Page last updated at 10:57 UTC, Tuesday, 13 June 2023 PH
I just led a road show for Philippine top executives and entrepreneurs to meet their counterparts in Spain for possible joint investments and trade relations. It was exactly 60 years ago, in 1963, when I first visited Spain as a young research fellow with a fresh doctorate degree from Harvard and ready to do some case writing for what then was a fledgling business school that was being helped by the Harvard Business School in faculty and curriculum development. That business school, started in 1958, is now one of the most famous business schools in the world, the IESE Business School, and has been ranked by the Financial Times for six consecutive years as the best in offering executive education programs. In 2023, the Financial Times ranked its MBA program as third best in the world, followed by its former mentor HBS as fourth best.
I am thankful to the founders of the IESE Business School for giving me the chance in 1963 to be a witness to the almost miraculous transformation of a poor and backward country like Spain into an economic tiger, a little before the East Asian economic tigers. In marking the route that the Philippine economy will take to go from upper-middle income to high-income and eventually to First World status, there are two countries in my list as role models. They cannot be Singapore, Hong Kong, or Taiwan. Their populations are too small compared to the Philippines. The two countries with comparable demographics to the Philippines when they started their ascent towards high-income category are South Korea and Spain. In fact, in 1963 Spain and the Philippines had comparable populations, about 31 million. When some of my millennial and centennial friends ask me how to visualize the Philippines twenty years from now as a First World country, I tell them to travel often to these two countries, South Korea and Spain. The most visible signs that will be obvious to them will be the outstanding quality of the infrastructures, e.g. bullet trains, humongous airports, abundant energy and water facilities, endless tollways and skyways, etc. Because of their more recent rise to First World status, these two countries (together with large portions of China) make older industrialized countries in Europe and North America look tired and jaded.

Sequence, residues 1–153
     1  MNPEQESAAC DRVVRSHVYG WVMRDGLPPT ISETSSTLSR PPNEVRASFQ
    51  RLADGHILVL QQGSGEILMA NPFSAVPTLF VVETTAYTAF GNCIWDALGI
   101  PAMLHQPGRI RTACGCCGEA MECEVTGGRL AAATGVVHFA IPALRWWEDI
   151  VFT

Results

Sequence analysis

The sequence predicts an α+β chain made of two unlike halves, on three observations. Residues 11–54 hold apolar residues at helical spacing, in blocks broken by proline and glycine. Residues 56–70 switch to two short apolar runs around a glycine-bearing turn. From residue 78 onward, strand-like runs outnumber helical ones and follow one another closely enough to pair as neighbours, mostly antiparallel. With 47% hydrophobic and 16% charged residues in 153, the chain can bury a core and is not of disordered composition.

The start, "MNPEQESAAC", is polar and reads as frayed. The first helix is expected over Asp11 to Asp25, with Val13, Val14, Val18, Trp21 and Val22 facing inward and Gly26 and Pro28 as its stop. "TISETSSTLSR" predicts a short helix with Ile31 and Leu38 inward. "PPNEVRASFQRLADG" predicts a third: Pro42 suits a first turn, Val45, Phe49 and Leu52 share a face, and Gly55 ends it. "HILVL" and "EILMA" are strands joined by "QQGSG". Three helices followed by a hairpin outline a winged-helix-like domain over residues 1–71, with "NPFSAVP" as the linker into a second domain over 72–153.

Here, for a better understanding of the benefits of closer trade and investment ties with our former colonizer, Spain, let me present a brief history of the route that Spain took from Third World to First World in a little over two decades, not very different from the trajectories of our East Asian neighbors. As I said, in 1963, Spain was very much a Third World Country with a per capita income of about $520. At that time, this country in the Iberian Peninsula was still struggling to recover from the devastations wrought, first by the three-year Civil War that led to more than 300,000 dead and then immediately followed by the tragedy of the Second World War. Although with the astute maneuvering of Franco, Spain was able to avoid being directly involved in the war, the country still suffered from the scarcity of food and other basic items brought about the War. To make matters worse for Spain, because its leader, General Franco, decided to give his moral support to the fascist coalition of Germany and Italy, the country was ostracized by the victors of the Second World and, therefore, had to depend exclusively on its own resources for the very difficult task of rehabilitating its damaged economy.